List and map with information about the main must-see tourist attractions in Paris, France. Ranked by popularity.
The Louvre, or the Louvre Museum (French: Musée du Louvre), is the world's most-visited museum, and a historic landmark in Paris, France. It is the home of some of the best-known works of art, including the Mona Lisa and the Venus de Milo. 
The Eiffel Tower (French: tour Eiffel) is a wrought-iron lattice tower on the Champ de Mars in Paris, France. It is named after the engineer Gustave Eiffel, whose company designed and built the tower. Locally nicknamed "La dame de fer" (French for "Iron Lady"), it was constructed from 1887 to 1889 as the centerpiece of the 1889 World's Fair. Although initially criticised by some of France's leading artists and intellectuals for its design, it has since become a global cultural icon of France and one of the most recognisable structures in the world. The Eiffel Tower is the most visited monument with an entrance fee in the world: 6.91 million people ascended it in 2015. 
Montmartre is a large hill in Paris's northern 18th arrondissement. It is 130 m (430 ft) high and gives its name to the surrounding district, part of the Right Bank. Montmartre is primarily known for its artistic history, for the white-domed Basilica of the Sacré-Cœur on its summit, and as a nightclub district. 
Moulin Rouge ("Red Mill") is a cabaret in Paris, on Boulevard de Clichy, at Place Blanche, the intersection of, and terminus of Rue Blanche. The original venue was destroyed by fire in 1915. Moulin Rouge is southwest of Montmartre, in the Paris district of Pigalle on Boulevard de Clichy in the 18th arrondissement, it has a red windmill on its roof. Today, the Moulin Rouge is a tourist attraction, offering predominantly musical dance entertainment for visitors from around the world. 
Notre-Dame de Paris (meaning "Our Lady of Paris"), referred to simply as Notre-Dame, is a medieval Catholic cathedral on the Île de la Cité (an island in the Seine River), in the 4th arrondissement of Paris. The cathedral, dedicated to the Virgin Mary, is considered one of the finest examples of French Gothic architecture.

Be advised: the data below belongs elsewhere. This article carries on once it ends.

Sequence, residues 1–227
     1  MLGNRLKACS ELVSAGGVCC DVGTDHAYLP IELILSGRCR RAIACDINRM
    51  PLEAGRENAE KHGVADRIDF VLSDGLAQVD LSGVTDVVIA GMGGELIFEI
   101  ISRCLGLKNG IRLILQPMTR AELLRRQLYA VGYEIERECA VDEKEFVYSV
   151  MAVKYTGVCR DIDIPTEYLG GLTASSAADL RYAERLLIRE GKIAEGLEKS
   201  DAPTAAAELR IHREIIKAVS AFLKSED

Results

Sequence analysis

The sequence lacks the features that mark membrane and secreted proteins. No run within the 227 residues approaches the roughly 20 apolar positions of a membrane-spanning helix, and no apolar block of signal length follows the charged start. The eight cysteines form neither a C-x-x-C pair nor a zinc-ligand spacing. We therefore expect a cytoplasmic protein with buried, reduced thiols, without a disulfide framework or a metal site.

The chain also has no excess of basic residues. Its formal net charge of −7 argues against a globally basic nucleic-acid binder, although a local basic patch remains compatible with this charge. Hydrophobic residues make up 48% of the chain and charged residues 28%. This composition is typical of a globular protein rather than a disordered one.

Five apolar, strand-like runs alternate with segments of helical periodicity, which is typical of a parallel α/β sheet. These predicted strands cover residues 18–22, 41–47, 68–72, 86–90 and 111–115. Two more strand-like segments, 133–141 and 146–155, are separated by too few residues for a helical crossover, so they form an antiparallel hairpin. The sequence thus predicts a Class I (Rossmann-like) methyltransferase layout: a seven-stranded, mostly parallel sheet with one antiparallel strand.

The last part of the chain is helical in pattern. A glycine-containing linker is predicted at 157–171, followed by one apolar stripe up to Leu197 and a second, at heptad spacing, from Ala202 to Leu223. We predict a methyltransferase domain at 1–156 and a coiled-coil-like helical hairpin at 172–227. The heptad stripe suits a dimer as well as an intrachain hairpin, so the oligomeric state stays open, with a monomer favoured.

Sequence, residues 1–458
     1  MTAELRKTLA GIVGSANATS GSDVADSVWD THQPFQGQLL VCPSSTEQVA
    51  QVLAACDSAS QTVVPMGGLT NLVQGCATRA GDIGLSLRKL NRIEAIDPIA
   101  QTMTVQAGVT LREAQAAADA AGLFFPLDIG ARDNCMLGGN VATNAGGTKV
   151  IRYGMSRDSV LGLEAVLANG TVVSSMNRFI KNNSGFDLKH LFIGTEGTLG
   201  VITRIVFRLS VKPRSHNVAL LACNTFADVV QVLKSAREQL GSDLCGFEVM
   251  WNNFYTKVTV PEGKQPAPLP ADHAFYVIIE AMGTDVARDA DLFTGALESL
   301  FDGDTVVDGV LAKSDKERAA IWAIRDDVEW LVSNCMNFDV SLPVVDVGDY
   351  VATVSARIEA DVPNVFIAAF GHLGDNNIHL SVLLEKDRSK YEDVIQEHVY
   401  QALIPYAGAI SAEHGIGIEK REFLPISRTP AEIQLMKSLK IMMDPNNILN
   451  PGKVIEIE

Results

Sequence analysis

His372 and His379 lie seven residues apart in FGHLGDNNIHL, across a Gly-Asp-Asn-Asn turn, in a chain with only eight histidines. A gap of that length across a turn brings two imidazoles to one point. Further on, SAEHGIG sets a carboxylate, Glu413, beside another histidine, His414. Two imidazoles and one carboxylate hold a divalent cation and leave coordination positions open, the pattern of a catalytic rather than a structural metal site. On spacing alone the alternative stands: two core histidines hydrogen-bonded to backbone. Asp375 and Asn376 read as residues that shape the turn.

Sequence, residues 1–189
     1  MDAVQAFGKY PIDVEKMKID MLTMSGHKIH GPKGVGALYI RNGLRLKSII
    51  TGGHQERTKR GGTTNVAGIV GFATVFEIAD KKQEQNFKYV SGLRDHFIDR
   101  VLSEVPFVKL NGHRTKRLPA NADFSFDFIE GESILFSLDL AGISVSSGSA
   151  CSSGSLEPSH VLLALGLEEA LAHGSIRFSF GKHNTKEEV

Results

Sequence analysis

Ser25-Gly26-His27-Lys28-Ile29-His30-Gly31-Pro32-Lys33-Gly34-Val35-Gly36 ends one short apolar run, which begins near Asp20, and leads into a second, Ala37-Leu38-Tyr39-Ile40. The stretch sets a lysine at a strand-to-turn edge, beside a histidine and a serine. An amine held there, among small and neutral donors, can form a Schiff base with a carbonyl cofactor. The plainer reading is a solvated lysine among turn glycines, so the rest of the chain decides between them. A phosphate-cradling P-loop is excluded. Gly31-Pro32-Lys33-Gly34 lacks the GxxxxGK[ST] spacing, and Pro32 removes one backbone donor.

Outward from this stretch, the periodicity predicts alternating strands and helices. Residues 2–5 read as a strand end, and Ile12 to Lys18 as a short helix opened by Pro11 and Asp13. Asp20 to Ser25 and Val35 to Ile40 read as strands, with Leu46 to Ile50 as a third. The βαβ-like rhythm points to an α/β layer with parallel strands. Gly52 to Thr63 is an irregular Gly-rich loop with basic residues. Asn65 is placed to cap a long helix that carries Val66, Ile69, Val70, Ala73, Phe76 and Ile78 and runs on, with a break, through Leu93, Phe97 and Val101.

The Avenue des Champs-Élysées is an avenue in the 8th arrondissement of Paris, France, 1.9 kilometres (1.2 mi) long and 70 metres (230 ft) wide, running between the Place de la Concorde in the east and the Place Charles de Gaulle in the west, where the Arc de Triomphe is located. It is known for its theatres, cafés and luxury shops, as the finish of the Tour de France cycling race, as well as for its annual Bastille Day military parade. 
The Centre Pompidou, more fully the Centre national d'art et de culture Georges-Pompidou, also known as the Pompidou Centre in English, is a complex building in the Beaubourg area of the 4th arrondissement of Paris, near Les Halles, rue Montorgueil, and the Marais. It houses the Bibliothèque publique d'information (Public Information Library), a vast public library; the Musée National d'Art Moderne, which is the largest museum for modern art in Europe; and IRCAM, a centre for music and acoustic research. 
The Louis Vuitton Foundation (French: Fondation d'entreprise Louis-Vuitton) is a French art museum and cultural center sponsored by the group LVMH and its subsidiaries. It is run as a legally separate, nonprofit entity as part of LVMH's promotion of art and culture. The art museum opened on October 20, 2014, in the presence of President François Hollande. 
The Panthéon (from the Classical Greek word πάνθειον, pántheion, '[temple] to all the gods') is a monument in the 5th arrondissement of Paris, France. It stands in the Latin Quarter, atop the Montagne Sainte-Geneviève, in the centre of the Place du Panthéon, which was named after it.